(b) The claimant is actively seeking and is willing to accept work under essentially the same conditions as existed while the wage credits were accrued.
(c) The claimant imposes no other restrictions and is in a labor market in which a reasonable demand exists for the part-time services he or she offers.
If a claimant is restricting only to part-time work and does not meet all of the provisions under Section 1253.8, his/her eligibility for benefits must be determined under Section 1253(c), refer to the appropriate AA BDG for discussion on individual reasons for restrictions.
NOTE: If the part-time able and available issue involves weeks prior to December 30, 2001, the provisions of this Section 1253.8 would not apply. In these cases the claimant would have to meet the requirements of availability under Section 1253 (c) (unless the claimant is restricting to part-time work due to school attendance, if so, refer to AA 40 for further information). The following guidelines will assist in interpreting Section 1253.8:
1. Part-time Work
Part-time work is defined as: working less than 40 hours per week.
NOTE: If the claimant worked for multiple employers in the same week(s), the total hours worked for all employers must be less than 40 hours per week in order to be defined as part-time work.
2. Based on
1253.8(a) states: "The claim is based on part-time employment".
Based on is defined as: more than 50 percent of the total weeks worked, during the base period of the claim, was worked in part-time employment.
This allows for individuals having some full time employment in the base period to qualify under this section.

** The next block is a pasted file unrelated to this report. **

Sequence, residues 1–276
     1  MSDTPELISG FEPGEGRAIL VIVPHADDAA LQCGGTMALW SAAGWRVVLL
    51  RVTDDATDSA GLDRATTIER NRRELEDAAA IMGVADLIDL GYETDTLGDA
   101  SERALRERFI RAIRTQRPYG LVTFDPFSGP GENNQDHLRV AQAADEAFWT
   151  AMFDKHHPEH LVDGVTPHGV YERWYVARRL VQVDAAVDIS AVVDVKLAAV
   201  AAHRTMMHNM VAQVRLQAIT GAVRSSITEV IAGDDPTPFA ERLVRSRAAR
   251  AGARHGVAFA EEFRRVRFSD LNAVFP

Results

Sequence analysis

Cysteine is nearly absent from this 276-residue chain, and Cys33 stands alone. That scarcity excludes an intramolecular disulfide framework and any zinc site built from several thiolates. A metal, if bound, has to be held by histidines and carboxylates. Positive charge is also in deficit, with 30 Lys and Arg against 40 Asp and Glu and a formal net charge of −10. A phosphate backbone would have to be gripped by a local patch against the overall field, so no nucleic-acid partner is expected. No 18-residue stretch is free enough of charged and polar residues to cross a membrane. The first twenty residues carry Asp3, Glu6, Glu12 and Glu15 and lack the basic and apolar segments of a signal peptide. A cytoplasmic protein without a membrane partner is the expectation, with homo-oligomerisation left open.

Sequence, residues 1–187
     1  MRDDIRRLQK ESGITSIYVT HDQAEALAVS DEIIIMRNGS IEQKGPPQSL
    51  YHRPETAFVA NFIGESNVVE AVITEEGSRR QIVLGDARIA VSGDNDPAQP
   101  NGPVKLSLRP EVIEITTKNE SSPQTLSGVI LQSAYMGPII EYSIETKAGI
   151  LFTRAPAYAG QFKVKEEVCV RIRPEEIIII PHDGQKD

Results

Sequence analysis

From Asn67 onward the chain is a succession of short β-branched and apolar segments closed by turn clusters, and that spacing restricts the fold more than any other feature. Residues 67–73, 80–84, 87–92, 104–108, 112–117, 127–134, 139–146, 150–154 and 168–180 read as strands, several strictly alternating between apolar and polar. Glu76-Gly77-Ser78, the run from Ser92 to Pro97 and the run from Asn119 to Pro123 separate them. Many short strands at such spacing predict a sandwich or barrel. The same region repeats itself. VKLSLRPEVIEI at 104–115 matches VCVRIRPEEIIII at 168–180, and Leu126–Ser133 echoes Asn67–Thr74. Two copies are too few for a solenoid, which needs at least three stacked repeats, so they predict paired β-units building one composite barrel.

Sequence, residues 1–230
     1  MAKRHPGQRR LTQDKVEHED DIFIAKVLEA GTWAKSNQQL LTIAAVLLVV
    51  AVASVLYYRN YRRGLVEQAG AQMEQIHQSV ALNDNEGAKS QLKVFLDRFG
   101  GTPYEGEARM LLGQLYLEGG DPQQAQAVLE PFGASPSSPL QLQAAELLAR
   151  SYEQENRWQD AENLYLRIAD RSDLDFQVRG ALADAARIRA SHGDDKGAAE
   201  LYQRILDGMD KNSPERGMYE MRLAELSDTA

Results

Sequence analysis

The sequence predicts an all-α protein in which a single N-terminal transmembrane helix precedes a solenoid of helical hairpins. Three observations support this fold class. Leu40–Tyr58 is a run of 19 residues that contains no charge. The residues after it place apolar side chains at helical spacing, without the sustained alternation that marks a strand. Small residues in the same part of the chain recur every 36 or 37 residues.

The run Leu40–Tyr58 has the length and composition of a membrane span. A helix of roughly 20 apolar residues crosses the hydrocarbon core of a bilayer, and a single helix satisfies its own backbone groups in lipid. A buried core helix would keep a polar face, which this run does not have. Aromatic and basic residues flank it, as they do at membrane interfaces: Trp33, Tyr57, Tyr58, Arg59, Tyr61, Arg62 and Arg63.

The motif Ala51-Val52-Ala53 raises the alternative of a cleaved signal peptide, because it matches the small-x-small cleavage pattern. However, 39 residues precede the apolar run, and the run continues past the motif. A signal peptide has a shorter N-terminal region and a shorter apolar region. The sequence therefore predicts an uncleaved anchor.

A claimant whose occupation is a sales clerk and works 20 to 25 hours per week but works full time during the holiday season may still qualify under Section 1253.8, as long as the full-time work is 50 percent or less of the total time worked during the base period of the claim.
3. Essentially The Same Conditions
1253.8(b) states: "The claimant is actively seeking and is willing to accept work under essentially the same conditions as existed while the wage credits were accrued."
Essentially the same conditions is defined as: the same number of part-time hours per week, or range of hours per week, that the claimant worked during the base period of the claim.
The claimant worked between 15 and 30 hours per week during the base period of the claim. If the claimant is not willing to work between 15 and 30 hours per week, the claimant would not meet the provisions under 1253.8 and the claimant’s eligibility would be adjudicated under Section 1253(c).
4a. Other Restrictions
1253.8(c) states: "The claimant imposes no other restrictions and is in a labor market in which a reasonable demand exists for the part-time services he or she offers."
Other restrictions is defined as: any restriction(s), other than the days and times used to establish the claimant’s part-time eligibility, that further reduce the claimant’s labor market (e.g., wage restrictions, travel distance, restricting to a specific employer, etc.)